There’s a popular perception that your relationship’s health can be measured by the frequency of your lovemaking. So it only follows that if you wanted to fine-tune your rapport, adding more sex ought to tip the scales toward greater satisfaction, right? Wrong—according to a new study that suggests that doing it more might actually make you less happy.
It’s not that sex doesn’t matter, of course. It’s that how much it matters—and how it does—is individual and subjective; what works for you may not work for someone else. Still, couples who can’t seem to find a good rhythm and frequency for sex are often told to try to have sex at a certain frequency anyway—about twice a week. That’s because counselors and therapists are hoping the unhappy couples can, in essence, by imitating the behavior of happy couples (who report sex twice a week on average) fake it until they make it.
Last year I interviewed several sex experts and therapists to investigate this claim. They all agreed that the advice to have “appointment sex” twice a week (no matter the desire of the couple) was not only outdated but also possibly damaging to the health of a relationship. Their thinking: Having sex out of obligation when the connection or desire isn’t organic could cause more anxiety, put the focus on the wrong thing (sex versus intimacy), and ultimately miss the point of the value in negotiating the amount that works for you as a couple rather than trying to keep up with the Joneses and their boners.
Now, a new study backs this up. At the Well blog at the NYT, Gretchen Reynolds reports on research published in the very non-sexily named Journal of Economic Behavior & Organization. Researchers at Carnegie Mellon asked 64 adult hetero married couples how often they had sex and how good it was, while also taking their temperature on mood, energy, and general happiness.
Then, at random, half of the couples were told to double the amount of sex they had while the other half were instructed to keep doing it as usual. Bare minimum to participate in the study, you had to be having sex at least once a month. Which means those couples now did it—look out—twice a month, while couples getting it on at the maximum end of the spectrum allowed to participate—three times a week—would now be doing it, gulp, six times a week. This lasted for 90 days (coincidentally, this is also the length of time that it takes to get that beach body, am I right?) During this time, participants had to rate their new, presumably improved, more frequent sex online, as well as their moods concurrent to it.
Of interest: Not all couples were able to increase the amount of sex as instructed, but overall, frequency increased by 40 percent. And guess what? Just like making even a dime over $75,000 a year doesn’t make you happier, doing it more did not buy anyone greater satisfaction. Reynolds writes:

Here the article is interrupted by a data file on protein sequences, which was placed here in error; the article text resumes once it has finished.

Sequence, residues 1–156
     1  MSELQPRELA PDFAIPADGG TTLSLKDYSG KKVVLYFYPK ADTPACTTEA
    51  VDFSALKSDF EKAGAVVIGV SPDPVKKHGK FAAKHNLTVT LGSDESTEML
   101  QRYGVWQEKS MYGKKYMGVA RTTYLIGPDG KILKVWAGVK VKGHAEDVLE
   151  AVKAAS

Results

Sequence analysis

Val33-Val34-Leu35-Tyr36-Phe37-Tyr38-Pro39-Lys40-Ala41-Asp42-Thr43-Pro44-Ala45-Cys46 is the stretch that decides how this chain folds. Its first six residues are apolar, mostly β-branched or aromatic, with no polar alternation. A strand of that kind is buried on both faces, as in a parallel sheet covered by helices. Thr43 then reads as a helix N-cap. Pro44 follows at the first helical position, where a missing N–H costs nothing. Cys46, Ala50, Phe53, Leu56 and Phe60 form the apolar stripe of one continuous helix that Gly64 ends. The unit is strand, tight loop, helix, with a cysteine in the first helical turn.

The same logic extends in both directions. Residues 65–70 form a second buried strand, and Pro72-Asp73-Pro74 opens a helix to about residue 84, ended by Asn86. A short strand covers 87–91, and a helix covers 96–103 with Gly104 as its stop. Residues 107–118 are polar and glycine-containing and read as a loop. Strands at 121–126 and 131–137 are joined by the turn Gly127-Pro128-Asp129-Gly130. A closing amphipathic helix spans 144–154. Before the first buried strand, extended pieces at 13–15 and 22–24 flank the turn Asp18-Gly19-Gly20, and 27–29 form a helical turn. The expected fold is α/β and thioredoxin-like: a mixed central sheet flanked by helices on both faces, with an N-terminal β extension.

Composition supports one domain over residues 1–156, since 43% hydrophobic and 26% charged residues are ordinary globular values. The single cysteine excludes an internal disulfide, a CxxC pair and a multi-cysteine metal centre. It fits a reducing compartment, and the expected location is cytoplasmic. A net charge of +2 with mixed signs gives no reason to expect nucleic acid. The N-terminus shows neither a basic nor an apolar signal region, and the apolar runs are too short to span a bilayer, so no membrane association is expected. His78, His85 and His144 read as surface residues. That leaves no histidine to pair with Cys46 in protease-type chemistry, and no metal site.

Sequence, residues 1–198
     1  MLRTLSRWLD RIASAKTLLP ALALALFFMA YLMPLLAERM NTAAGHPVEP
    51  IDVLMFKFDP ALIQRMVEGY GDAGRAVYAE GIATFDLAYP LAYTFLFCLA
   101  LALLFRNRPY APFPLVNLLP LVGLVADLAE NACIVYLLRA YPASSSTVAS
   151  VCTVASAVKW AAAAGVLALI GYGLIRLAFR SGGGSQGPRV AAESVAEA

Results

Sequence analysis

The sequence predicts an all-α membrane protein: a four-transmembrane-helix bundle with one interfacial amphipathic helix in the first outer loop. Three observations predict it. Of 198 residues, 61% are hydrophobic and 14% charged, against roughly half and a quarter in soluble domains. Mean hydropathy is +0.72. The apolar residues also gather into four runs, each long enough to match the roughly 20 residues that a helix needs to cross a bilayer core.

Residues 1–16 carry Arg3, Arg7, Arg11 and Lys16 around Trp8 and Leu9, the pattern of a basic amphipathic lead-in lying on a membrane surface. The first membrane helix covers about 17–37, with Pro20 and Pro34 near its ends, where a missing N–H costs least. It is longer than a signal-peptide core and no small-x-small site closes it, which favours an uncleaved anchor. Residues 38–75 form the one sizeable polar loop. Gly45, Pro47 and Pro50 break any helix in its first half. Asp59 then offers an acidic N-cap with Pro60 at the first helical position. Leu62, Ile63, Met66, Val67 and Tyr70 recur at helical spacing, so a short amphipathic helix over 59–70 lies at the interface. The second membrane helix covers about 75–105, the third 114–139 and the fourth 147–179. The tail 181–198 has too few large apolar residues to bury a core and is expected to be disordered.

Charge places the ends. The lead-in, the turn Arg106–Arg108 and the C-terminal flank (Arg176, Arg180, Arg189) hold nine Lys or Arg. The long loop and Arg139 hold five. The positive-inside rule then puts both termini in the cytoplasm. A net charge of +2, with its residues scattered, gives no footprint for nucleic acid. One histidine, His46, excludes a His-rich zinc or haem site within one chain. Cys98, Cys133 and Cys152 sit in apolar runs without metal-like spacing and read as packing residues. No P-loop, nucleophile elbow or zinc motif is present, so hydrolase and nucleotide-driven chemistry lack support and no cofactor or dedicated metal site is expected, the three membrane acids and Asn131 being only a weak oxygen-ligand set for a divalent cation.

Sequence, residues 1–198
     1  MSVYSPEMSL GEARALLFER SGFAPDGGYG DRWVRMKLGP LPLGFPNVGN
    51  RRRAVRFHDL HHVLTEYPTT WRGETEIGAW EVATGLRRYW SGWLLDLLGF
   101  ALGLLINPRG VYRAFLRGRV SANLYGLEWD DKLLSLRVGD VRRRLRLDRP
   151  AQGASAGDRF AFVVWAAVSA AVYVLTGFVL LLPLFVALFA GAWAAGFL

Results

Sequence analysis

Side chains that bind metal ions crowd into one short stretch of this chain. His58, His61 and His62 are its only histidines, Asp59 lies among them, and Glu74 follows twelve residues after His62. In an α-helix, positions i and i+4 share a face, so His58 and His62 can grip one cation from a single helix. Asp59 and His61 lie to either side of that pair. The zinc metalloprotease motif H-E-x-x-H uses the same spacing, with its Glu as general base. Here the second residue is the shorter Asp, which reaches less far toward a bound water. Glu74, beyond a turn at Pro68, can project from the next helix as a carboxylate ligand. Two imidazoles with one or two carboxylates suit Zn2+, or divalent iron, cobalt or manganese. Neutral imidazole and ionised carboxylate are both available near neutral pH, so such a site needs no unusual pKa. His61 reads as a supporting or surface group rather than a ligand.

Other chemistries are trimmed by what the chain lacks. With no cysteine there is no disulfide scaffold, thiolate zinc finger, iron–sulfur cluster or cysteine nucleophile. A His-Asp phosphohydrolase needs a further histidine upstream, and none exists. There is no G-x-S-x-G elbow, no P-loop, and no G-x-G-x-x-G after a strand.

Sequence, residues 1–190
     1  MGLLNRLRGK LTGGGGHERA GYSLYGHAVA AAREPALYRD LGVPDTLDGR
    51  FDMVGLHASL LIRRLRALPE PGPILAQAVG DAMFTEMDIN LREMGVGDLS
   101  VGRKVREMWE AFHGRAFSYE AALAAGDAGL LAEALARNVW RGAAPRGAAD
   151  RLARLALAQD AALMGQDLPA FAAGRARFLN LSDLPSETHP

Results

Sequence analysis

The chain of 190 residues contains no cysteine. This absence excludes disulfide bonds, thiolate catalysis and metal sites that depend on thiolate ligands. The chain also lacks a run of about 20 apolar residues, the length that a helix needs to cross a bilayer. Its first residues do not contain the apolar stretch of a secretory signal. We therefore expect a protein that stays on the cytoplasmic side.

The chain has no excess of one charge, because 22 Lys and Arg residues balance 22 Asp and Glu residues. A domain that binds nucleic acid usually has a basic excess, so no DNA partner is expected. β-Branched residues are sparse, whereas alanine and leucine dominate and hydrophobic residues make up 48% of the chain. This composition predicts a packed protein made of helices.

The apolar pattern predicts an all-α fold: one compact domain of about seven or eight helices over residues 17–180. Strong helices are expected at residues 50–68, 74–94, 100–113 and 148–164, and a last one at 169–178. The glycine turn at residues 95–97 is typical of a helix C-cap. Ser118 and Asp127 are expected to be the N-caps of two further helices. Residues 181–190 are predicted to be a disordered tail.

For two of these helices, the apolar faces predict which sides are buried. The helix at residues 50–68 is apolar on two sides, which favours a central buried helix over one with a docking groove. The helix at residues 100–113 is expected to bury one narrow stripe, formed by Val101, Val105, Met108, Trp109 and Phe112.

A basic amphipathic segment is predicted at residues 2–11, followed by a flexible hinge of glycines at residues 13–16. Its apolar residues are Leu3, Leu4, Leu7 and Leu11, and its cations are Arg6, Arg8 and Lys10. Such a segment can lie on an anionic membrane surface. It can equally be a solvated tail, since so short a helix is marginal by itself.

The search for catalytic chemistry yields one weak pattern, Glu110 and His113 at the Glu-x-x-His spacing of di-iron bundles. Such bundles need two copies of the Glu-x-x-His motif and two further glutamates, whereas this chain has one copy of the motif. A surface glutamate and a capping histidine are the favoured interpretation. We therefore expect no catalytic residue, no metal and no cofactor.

In fact, their well-being declined, especially in measures of energy and enthusiasm, as did the quality of the sex. Both men and women reported that the additional intercourse wasn’t much fun. The results surprised the researchers — but they probably shouldn’t have, according to George Loewenstein, a professor of economics and psychology at Carnegie Mellon, who led the study.
‘‘It seems that if you’re having sex for a reason other than because you like and want sex,’’ he says, you may undermine the quality of that sex and your resulting mood.
We’re not surprised, are we? You know what having sex feels like when you don’t really feel like it but you’ve made up your mind that you’re supposed to, either to maintain some arbitrary notion of how happy you are at that moment or simply to please the person you’re with? Say it with me: Yawn.
This is not to suggest that you should never give it up for your partner—anyone who has been in a long term relationship can surely tell you that’s unavoidable at some point or another, and is part of the overall compromise system you’ve entered into by agreeing to put up with someone, and by forcing them to put up with you. But most of the time, you should be doing it because you’re feeling it, and your sex frequency should be determined by the two of you.
Which is why the study author told Reynolds to focus not on quantity, but quality. Reynolds:
Studies associating sexual frequency and happiness may have missed the underlying link between the two, which is the pleasurability of the sex. People who like their couplings probably have more of them, and it is the pleasure of the act, he says, that raises moods, not how often it happens.
Faking it until you make it is a nice idea, and maybe it works in terms of dressing for the job you want or improving your attitude. But sex, for all its logistical simplicity, is complicated. (Though I have no doubt that you could not be in the mood for sex but commit to it anyway, and then find that soon enough you’re really into it, this should not be the basis for your whole approach—unless that’s really specifically what you’re into.)
What seems to work far better—an idea backed up by the therapists I spoke to last year—is that, rather than reverse-engineering happiness based on a number, couples should investigate why they aren’t having sex as much as you would like and go from there. And by understanding and cultivating conditions under which sex—mutually desired sex, that is—is more likely to happen, you subsequently unlock possibilities for more sex.
More sex leading to more happiness is a shortcut of an idea, and I’m sure we don’t like to see our shortcut boners wilt so unceremoniously. Like good sex, happiness takes at least a certain amount of work. But the good news is that there is at something you can do about it.
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